An Open Letter to Commercial Letting Agents (and the landlords who use them)
For the past three months I have been on a hunt for commercial premises, having outgrown my current treatment room. I knew it would be a bit of work – I had quite particular requirements, after all. What I wasn’t ready for was how difficult it would be to work with commercial letting agents. I think I expected that I would see listings, enquire about those I liked, be able to ask questions and have them answered, view the property in a timely manner … that sort of thing. Well, just how wrong can a girl be?
The first place I saw immediately seemed perfect. Local, in a good site, at a very reasonable rent. I asked to see it. The letting agent couldn’t fit me in for 2 weeks, so I grudgingly waited, all the while planning what I was going to do with this new venue for my business. The day before I was due to see it, the agent called to tell me it had already been let, and in fact the lease had already been agreed upon when I initially enquired about. Oh. Six weeks later, it was still being advertised as available.
The next place I went to see just didn’t fit the bill, though I really wanted it too. It seemed promising from the listing, but the reality was that it just wouldn’t work. No problems with the agent though, except that he didn’t have keys for two of the rooms in the building I would be letting! I later enquired about this property again, having seen the listing changed to add that the property would be refurbished. I never got a reply.
Next I went to see a lovely listed building. It was far bigger than I needed but the landlord was happy for me to sublet rooms. He was also happy to consider lowering the rent for the first year. It would have been a big task, but it could have worked. After a couple of weeks, I put in application to take on the lease. That was November. We’re still waiting to hear from the Landlord, and the agent told me on several occasions that she would call him to find out what was going on. On each occasion, she failed to get back to me. I gave up on it after several weeks.
And then came the real issue. So many failings, catastrophic failings, that I began to wonder how any commercial property ever gets let, and how commercial letting agents are still in business.
There was the agency who listed the annual rent as the monthly rent (£9000 pcm for a 16ft square room anyone?), not just on one property but on at least half a dozen. One looked like it might be what I was looking for, so I tentatively enquired whether they had made a mistake on the rent. Yes, they said, they had. Last time I check, weeks later, they hadn’t amended it. This is the same agency who arranged a viewing for me, but neglected to tell me that the person I would be meeting actually worked in one of the other units and I should call there to meet them. When I finally got this information, 20 minutes late, that person was fairly miffed to have been kept waiting.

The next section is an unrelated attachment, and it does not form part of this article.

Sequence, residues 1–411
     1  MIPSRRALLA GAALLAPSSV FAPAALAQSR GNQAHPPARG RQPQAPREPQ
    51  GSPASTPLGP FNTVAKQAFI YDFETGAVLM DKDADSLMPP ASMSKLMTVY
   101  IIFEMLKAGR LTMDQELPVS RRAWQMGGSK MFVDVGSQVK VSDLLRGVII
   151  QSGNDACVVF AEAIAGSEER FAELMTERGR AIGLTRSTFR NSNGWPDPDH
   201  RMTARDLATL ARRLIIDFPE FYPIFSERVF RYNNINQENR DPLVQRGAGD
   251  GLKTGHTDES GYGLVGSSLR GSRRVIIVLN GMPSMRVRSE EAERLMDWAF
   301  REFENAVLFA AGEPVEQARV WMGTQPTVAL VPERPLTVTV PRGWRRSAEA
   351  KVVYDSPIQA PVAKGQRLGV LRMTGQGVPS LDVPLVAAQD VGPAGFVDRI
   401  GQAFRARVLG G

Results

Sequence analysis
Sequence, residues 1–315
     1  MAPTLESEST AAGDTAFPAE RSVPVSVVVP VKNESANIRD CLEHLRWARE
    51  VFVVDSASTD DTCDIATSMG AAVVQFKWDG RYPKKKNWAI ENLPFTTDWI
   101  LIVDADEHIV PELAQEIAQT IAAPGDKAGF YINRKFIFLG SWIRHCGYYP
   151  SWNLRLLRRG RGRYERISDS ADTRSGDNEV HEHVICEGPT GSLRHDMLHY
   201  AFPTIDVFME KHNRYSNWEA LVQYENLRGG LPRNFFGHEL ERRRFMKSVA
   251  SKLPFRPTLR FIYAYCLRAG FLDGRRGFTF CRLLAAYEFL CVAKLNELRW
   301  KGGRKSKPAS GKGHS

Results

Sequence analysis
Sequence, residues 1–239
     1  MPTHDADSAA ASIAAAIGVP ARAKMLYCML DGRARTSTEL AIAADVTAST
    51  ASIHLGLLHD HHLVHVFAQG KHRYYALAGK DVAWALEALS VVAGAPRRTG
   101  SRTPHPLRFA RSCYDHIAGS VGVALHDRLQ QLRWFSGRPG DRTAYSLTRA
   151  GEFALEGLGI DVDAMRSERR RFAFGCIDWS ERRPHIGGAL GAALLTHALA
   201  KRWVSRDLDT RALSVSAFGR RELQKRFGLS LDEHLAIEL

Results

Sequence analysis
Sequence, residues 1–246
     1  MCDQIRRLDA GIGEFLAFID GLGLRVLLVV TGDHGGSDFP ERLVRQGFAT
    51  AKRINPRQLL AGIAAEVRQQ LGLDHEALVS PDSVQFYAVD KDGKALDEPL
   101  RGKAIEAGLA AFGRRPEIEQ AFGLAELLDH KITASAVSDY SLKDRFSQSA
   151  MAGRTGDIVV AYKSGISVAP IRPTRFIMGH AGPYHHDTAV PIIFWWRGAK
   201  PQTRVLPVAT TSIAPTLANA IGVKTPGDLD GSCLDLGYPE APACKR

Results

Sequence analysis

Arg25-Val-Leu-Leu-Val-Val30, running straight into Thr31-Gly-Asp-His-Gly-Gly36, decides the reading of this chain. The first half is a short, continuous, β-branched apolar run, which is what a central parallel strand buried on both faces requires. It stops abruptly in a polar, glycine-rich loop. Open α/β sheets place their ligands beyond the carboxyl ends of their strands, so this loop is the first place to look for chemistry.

Another agency listed several rooms in a building, with prices from £xxx and I arranged to view them. The agent would be telling me how much each of the rooms was as we viewed them, but it turned out he had no idea and would need to contact the landlord to find out. It took him a week to get back to me.
Another I went to see was a marvellous 17th century building. Much further away than I had in mind but it had so much going for it that it seemed silly not to see it. When we got there, it turned out the figures quoted on the agent’s website were incorrect, wildly so. The real rents were five times higher than they had advertised, and the room I had booked to see turned out not to be available anyway, the 2nd floor tenants having already agreed terms to move to the ground floor. They are still advertising the lower rents on their site too.
Something else came up, a great possibility, very local to me. I arranged to view it. Half an hour before our appointment, I got a call asking if I could go to meet the agent immediately, as he’d got his times mixed up and had arrived early. I said I’d get there as soon as I could, but it would take me 15 minutes to get there and I was just in the middle of something. “Oh. I’ll ask him to wait for you then”. Well, yes, it would be nice if he could bring himself to wait until the time we’d arranged. When I got there, he showed me three rooms and told me their prices. I asked if VAT or utilities were extra. Was there a service charge to pay? “Ummm, probably not.” I suggested it might be nice to be certain. He promised to call me later that afternoon. He didn’t, and promptly went on holiday. When I called the agency to ask about the two rooms I liked, it turned out he’d quoted the wrong rents on both.
The only two enquiries that went without a hitch were the two where the agent was simply advertising the property. Once you made an enquiry, the landlord took over and arranged viewings etc. On both of those viewings, the landlords were able to answer all my questions, knew their stuff and couldn’t have been more helpful. In the end, I agreed a lease with one of them. I would have loved to have taken a lease on the other one but the room I fell in love with was over budget. For now.
So commercial landlords, if you’re struggling to let a property, it might pay to check up on your agent. I’ve dealt with over a dozen agents in the last 3 months. This post only describes what happened to those who bothered to answer my enquiries. Several agents didn’t even bother responding to messages requesting a viewing. You might do better, and save money, by doing all the work yourself.
Agents, pull your finger out. Seriously. Is this any way to run a business? There were other properties I would have liked to enquire about, but didn’t bother, having seen that the agencies had already let me down. If this is the best you can do, perhaps it’s time to find another career?